|Author (Person)||Leonard, Dick|
|Series Title||European Voice|
|Series Details||Vol.7, No.23, 7.6.01, p9|
Looking beyond the UK election, Dick Leonard considers how the subsequent battle over a referendum on the euro might play out
It wasn't planned that way, but Britain's election campaign took the country a giant step towards joining the euro. The hitherto ultra-cautious Tony Blair has publicly expressed confidence that he could win a referendum on the issue, while William Hague undercut the 'antis' by declaring that "the real referendum" would take place on 7 June - "the last chance to save the pound".
Unless the unanimous verdict of the opinion polls is proved wrong, and Hague snatches a miraculous victory from the jaws of defeat, it is now probable the referendum will indeed go ahead, in altogether more auspicious circumstances than seemed likely even a month ago.
Yes, but don't the polls still show a more than two-to-one majority against the euro, and doesn't this mean that Blair will be taking a huge risk?
No doubt, but the same could - and indeed was - said about the then British Prime Minister Harold Wilson in January 1975, when 55% of British voters said that they would vote against British membership of the European Community "if the referendum were held today". Yet less than six months later - on 5 June 1975 - they voted in favour of Europe by a majority of two-to-one.
This marked a 22% swing in the opinion polls and the best explanation for the massive turnaround has been given by Robert Worcester, head of the MORI, and Wilson's personal pollster in 1975. Some months ago, he wrote How to Win the Euro Referendum (£10.95 from The Foreign Policy Centre, 39 York Road, London SE1 7NQ), which argued with great conviction that the same trick could be pulled off again.
More recently, Worcester has expressed reservations about his earlier judgement, but after re-reading his pamphlet I still find it convincing.
It is true some of the factors that favoured the pro-European side in 1975 are no longer present. At that time the press was unanimously favourable; this time it is likely to be predominantly against, in terms of circulation if not of intellectual weight.
The business community is now more evenly divided. A majority, especially amongst the larger companies, is clearly committed to the single currency, but the well-financed pressure group Business for Sterling has mobilised significant support among the minority. As a balancing factor, the trade unions, though less influential than hitherto, are now more committed on the pro side.
Yet Worcester's clinching argument was that, in the last resort, the voters followed the judgement of the leaders they trusted most, and the same thing can be expected to happen next time.
In 1975 the leading protagonists of British membership of the EC - Roy Jenkins, Edward Heath, Harold Wilson and James Callaghan - were getting high positive scores in the opinion polls, while the leading antis, Tony Benn, Michael Foot, Ian Paisley, Enoch Powell and Peter Shore were provoking strong negative reactions.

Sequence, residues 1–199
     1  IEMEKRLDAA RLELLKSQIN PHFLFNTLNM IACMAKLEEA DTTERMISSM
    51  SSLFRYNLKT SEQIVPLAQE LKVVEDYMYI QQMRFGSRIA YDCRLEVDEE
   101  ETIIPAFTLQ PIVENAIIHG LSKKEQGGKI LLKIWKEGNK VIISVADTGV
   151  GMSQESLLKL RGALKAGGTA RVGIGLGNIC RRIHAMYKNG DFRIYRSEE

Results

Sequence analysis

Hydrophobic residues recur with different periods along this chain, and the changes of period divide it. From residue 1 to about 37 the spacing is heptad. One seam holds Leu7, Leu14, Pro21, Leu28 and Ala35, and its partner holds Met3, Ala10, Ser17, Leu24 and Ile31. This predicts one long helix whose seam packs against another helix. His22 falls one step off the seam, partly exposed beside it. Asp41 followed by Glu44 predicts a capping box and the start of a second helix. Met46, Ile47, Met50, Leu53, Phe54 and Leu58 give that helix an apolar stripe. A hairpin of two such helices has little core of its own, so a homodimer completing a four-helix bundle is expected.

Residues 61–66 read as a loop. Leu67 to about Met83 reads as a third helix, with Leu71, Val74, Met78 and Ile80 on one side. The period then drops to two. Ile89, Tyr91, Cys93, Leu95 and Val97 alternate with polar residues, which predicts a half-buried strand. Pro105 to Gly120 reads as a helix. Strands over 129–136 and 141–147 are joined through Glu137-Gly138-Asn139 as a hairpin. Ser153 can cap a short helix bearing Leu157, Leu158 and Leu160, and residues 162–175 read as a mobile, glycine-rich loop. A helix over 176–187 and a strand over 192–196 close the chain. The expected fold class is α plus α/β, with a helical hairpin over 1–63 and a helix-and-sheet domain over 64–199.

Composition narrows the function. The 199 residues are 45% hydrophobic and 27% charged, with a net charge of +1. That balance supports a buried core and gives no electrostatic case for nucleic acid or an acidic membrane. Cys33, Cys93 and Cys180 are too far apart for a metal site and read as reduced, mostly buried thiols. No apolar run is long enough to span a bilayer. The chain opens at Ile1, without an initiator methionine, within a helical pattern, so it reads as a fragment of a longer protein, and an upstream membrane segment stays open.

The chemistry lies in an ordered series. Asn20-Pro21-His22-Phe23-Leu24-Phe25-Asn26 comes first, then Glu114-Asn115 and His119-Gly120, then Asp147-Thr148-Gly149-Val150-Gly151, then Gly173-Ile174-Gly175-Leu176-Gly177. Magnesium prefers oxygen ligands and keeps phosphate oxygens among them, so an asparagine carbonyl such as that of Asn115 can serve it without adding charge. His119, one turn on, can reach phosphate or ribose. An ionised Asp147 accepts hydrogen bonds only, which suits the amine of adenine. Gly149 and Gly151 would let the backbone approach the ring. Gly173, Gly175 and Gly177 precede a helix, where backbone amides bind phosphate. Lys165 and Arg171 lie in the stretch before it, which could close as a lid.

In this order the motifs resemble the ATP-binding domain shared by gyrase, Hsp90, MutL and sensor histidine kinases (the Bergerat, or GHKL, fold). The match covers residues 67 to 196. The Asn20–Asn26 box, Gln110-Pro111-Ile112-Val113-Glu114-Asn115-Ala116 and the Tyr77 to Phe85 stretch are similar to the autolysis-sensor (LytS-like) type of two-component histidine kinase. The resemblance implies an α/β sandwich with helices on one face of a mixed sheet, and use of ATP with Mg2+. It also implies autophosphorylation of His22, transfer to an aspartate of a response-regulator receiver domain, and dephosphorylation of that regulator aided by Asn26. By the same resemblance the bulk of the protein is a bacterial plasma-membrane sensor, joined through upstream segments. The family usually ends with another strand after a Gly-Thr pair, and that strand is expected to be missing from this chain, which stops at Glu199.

If anything, Blair and Gordon Brown are outscoring their oppositenumbers, Hague and Michael Portillo, even more decisively in the polls, while the leading pro-euro Tories, Ken Clarke and Michael Heseltine, are clearly more highly regarded than their party leaders.
Moreover, the anti-euro side is finding it extremely difficult to recruit any significant non-Tory politicians at all.The only well-known figure under the age of 75 to sign up has been former Foreign Secretary David Owen, now very much a maverick with no popular following.
Blair is still maintaining that the five economic tests set by Gordon Brown will have to be met before he would recommend joining the euro. Widely dismissed as 'cosmetic', the only one of the five that is susceptible to objective measurement - the convergence of economic structures - is evidently well on the way to being met.
The real test is one of political will, and Blair now at last seems emboldened to take it. The probability is that the referendum will be held in the second half of 2002, after the introduction of notes and coins in Euroland. Unless this turns out to be a chaotic disaster, it should greatly help the pro-euro cause.
By the autumn of 2002, the euro will no longer be seen as 'funny money', but will surely be in wide circulation not only in Euroland but in Britain as well. Starting with airports, hotels and tourist resorts, it will undoubtedly be widely accepted for payments, while the majority of foreign trade by British firms will be settled in euros. By then most of the absurd predictions of the Europhobes will have been shown up as erroneous.
Blair will not, of course, go ahead unless he has Brown on side. He now seems confident that he will, and Brown's previous well-publicised hesitations may have a positive effect on the voters. Having established a high reputation for economic competence, if he announces his conviction that it is now in Britain's interest to join the euro this would surely carry great weight.
It will still be a gamble. Accidents can happen, and referenda can always go wrong, as the Danish premier would be the first to confirm.
Blair's fear has always been that if a referendum was called - and lost - he would be left leading a broken-backed government.
But if he were seen to funk a challenge in which he strongly believed, would he be in any better position?
Looking beyond the UK election, columnist considers how the subsequent battle over a referendum on the euro might play out.
|Subject Categories||Economic and Financial Affairs|
|Countries / Regions||United Kingdom|